National Cancer Institute (NCI)
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Baird, Kristin; Fry, Terry J; Steinberg, Seth M et al. (2012) Reduced-intensity allogeneic stem cell transplantation in children and young adults with ultrahigh-risk pediatric sarcomas. Biol Blood Marrow Transplant 18:698-707
Du, Xing; Xiang, Laiman; Mackall, Crystal et al. (2011) Killing of resistant cancer cells with low Bak by a combination of an antimesothelin immunotoxin and a TRAIL Receptor 2 agonist antibody. Clin Cancer Res 17:5926-34
Robbins, Paul F; Morgan, Richard A; Feldman, Steven A et al. (2011) Tumor regression in patients with metastatic synovial cell sarcoma and melanoma using genetically engineered lymphocytes reactive with NY-ESO-1. J Clin Oncol 29:917-24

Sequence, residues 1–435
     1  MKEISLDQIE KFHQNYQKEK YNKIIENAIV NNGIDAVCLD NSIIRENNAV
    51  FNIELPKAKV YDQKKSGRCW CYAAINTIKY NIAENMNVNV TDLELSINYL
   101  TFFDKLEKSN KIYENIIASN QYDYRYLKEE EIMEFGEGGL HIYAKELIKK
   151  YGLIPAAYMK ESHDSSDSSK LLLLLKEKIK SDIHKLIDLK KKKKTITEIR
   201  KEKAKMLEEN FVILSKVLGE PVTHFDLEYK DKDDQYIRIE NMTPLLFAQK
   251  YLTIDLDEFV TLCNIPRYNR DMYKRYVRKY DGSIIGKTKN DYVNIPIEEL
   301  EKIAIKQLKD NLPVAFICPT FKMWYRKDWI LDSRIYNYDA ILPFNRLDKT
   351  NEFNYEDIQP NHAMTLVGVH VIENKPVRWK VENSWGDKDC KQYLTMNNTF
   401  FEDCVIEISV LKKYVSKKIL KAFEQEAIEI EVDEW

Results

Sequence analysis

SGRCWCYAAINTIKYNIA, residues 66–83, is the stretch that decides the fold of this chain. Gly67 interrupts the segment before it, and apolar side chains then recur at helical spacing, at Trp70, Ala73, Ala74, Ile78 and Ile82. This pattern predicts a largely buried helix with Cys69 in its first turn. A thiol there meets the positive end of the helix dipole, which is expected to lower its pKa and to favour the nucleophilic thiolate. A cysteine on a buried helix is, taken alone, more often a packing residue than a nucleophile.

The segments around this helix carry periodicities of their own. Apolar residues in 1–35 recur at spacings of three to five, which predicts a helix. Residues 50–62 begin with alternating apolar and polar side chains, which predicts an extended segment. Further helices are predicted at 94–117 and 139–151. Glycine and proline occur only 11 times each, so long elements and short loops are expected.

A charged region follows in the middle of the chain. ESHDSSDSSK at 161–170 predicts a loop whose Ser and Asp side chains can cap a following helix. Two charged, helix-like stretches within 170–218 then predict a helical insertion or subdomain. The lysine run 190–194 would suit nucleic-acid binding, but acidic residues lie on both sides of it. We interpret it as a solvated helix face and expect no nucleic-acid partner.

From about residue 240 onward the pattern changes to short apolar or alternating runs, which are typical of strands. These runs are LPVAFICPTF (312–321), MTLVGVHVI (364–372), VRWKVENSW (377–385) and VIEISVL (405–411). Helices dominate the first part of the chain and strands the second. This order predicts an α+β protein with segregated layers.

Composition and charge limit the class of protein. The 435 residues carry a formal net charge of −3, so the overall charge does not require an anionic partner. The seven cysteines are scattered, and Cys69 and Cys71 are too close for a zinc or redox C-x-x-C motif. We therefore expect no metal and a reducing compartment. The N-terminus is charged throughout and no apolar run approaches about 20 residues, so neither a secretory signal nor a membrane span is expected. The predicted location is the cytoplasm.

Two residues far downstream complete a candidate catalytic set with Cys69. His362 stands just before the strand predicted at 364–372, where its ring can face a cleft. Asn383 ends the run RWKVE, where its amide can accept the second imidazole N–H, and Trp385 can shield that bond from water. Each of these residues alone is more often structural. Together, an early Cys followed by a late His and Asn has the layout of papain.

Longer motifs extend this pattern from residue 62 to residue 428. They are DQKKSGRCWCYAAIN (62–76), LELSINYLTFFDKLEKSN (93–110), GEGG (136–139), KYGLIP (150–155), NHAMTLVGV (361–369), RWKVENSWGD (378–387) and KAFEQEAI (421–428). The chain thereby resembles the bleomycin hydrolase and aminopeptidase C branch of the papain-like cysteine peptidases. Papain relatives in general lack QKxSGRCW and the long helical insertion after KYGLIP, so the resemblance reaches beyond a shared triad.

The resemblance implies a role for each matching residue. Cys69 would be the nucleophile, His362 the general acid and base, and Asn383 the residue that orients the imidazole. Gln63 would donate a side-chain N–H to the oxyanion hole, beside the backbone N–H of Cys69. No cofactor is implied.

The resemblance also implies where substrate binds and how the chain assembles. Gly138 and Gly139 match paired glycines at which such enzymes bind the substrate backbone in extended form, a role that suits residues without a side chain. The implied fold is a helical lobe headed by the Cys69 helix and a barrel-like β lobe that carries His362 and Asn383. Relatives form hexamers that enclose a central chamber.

Zhang, Hua; Cui, Yongzhi; Voong, Nga et al. (2011) Activating signals dominate inhibitory signals in CD137L/IL-15 activated natural killer cells. J Immunother 34:187-95
Wayne, Alan S; Capitini, Christian M; Mackall, Crystal L (2010) Immunotherapy of childhood cancer: from biologic understanding to clinical application. Curr Opin Pediatr 22:2-11
Capitini, Christian M; Mackall, Crystal L; Wayne, Alan S (2010) Immune-based therapeutics for pediatric cancer. Expert Opin Biol Ther 10:163-78
Fewkes, Natasha M; Mackall, Crystal L (2010) Novel gamma-chain cytokines as candidate immune modulators in immune therapies for cancer. Cancer J 16:392-8
Guimond, Martin; Freud, Aharon G; Mao, Hsiaoyin C et al. (2010) In vivo role of Flt3 ligand and dendritic cells in NK cell homeostasis. J Immunol 184:2769-75
Wan, X; Kim, S Y; Guenther, L M et al. (2009) Beta4 integrin promotes osteosarcoma metastasis and interacts with ezrin. Oncogene 28:3401-11
Capitini, Christian M; Fry, Terry J; Mackall, Crystal L (2009) Cytokines as Adjuvants for Vaccine and Cellular Therapies for Cancer. Am J Immunol 5:65-83